Life is about connection and contact and involvement so our obsessions with who we do and do not talk to make sense, but sometimes it’s important to step back and get a reality check. This week, how who we do and do not talk to makes a difference in our lives.
“He can’t handle me having contact with other guys— even on Facebook. I’m ONLY into him… like head over heels, otherwise I would say fuck it and head out. He has apologized profusely. He has a lot of issues involving exes cheating and an abusive dad beating the thought that’s he’s a POS into his head, emotionally and physically. He is an amazing person, the most altruistic person I have met. He treats me better than anyone ever has. How do I approach this?”
How someone treats you does not run on a comparison scale. Just because someone isn’t beating you doesn’t mean they’re treating you well. Justifying a person’s actions by saying they’re kinder than everyone else’s doesn’t make them kind, it makes them tolerable based on the level of pain you’re used to. He has exhibited behavior that puts him in the position of needing to apologize profusely. If someone drives you to hospital after hitting you with their car, they still hit you with their car. React to the rundown, not the apology.
I like to be able to offer constructive solutions, but I think your sweetie may need to talk to a professional about why he feels like he has the right and the need to control who you talk to. Talk to him when this isn’t a problem. Talk to him on a really pretty Saturday morning about what your perfect relationship looks like, that he’s happy to see you happy, having fun with your friends both male and female, that he’s supportive and trusting and respectful. That caring about you means that he cares if all your relationships are healthy, not just the one you have with him.
Look sugarbear, life is a lot longer when you’re spending it with someone who tries to control you. Possessive and controlling behavior are often the types of behavior that spiral in spite of good intentions. I advise you to be cautious. In this great big world, it’s better to have a good life than a good love.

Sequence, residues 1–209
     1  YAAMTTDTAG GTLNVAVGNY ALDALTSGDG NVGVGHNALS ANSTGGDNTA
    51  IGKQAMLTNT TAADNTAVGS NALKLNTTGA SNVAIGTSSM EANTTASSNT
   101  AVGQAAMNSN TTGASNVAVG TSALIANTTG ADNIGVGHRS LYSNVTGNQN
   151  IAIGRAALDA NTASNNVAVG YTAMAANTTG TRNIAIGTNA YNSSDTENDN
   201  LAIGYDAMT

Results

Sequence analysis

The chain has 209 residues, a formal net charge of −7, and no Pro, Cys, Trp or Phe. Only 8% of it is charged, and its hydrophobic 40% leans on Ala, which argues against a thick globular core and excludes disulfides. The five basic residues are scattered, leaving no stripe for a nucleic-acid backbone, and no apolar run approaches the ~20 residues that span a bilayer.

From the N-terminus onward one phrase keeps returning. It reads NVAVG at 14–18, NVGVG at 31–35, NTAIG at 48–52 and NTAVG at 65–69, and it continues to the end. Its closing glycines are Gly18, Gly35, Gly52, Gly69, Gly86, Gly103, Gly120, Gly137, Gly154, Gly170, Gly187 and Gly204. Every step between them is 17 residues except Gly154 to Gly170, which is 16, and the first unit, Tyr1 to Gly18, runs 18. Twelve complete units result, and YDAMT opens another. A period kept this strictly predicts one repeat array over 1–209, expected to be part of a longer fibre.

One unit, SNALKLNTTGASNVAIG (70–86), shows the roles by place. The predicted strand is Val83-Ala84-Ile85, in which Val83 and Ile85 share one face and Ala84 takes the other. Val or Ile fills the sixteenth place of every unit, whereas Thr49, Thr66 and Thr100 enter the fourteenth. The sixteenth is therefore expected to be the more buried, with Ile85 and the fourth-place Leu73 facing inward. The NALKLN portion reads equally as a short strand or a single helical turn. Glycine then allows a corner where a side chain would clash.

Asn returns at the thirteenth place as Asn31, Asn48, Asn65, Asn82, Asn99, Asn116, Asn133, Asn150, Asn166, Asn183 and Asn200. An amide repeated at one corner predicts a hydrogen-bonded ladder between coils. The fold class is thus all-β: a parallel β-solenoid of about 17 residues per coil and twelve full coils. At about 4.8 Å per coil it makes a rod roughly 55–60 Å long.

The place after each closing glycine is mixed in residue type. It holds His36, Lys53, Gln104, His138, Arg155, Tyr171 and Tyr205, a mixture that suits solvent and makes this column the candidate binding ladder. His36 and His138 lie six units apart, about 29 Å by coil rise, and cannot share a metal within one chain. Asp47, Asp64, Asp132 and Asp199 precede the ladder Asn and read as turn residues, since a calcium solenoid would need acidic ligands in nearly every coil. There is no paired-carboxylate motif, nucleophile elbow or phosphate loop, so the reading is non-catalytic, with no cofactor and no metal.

“I read your most recent post about mending your heartbreak, and I need some advice. You wrote about quitting any social media associated with ‘him’. How did you do it? I feel like I’m addicted and I have weeks where I can feel like a warrior about being strong and not checking his twitter/instagram/fb. Then I fall off the wagon and I feel sad and pathetic and horrible. It’s like I’m addicted to the feeling and I can’t stop.”
They say love releases the same chemicals in your brain as cocaine. If love is the high, then the breakup is the hangover, and lord help us all. We swing from, “I’m never drinking again!” to “if someone would just fill this tomato juice with vodka” like a clock pendulum, never realizing that neither of those are solutions. The problem isn’t the hangover, it’s not checking his Facebook pictures or who he’s tweeting – the problem is why you got so drunk, or in the case of heartbreak, what you’re feeling that makes you want to cruise his Facebook.
Before you go to your ex’s Facebook, think about all the outcomes. One, he hasn’t posted any pictures. You have learned nothing. It’s a fruitless adventure that sends you down a deeper internet rabbit hole of trying to garner information from Tweets about the Red Sox. Two, he has posted several photos of him with a girl whose parents misspelled her name on purpose. She’s beautiful. And because you’re human, you immediately hate her and need to justify this hate by finding any terrible thing you can about her. She’s from Iowa? Ugh, gross, who’s from Iowa? F-ing nice people? Jeez. Three, and the most unlikely, he’s posting song lyrics that sound like they’re about you. This is relationship trolling, attention-seeking, destructive behavior for all parties. And no matter what you find on his page, you won’t find what you’re looking for: self-assurance, happiness, your friend back, your heart repaired. You do not find those things curated digitally by someone else – you find those things in your self, out there in the real world… they’re just a lot harder to find than spite and pride and hate.
Forgive yourself for checking. Forgive yourself for wondering. Heartbreak isn’t a competition that someone handles better than someone else. It’s shitty and sad and lonely and no one get to tell you how you should feel. But you do need to figure out how it is you actually feel and act accordingly. If you feel like his life is so much better without you, make yours better without him. Learn something new, book a trip, build something. If you’re lonely, call your friends. Write letters to people who made a difference to you. Find the feeling and find a way to repair it, not a way to stew in it.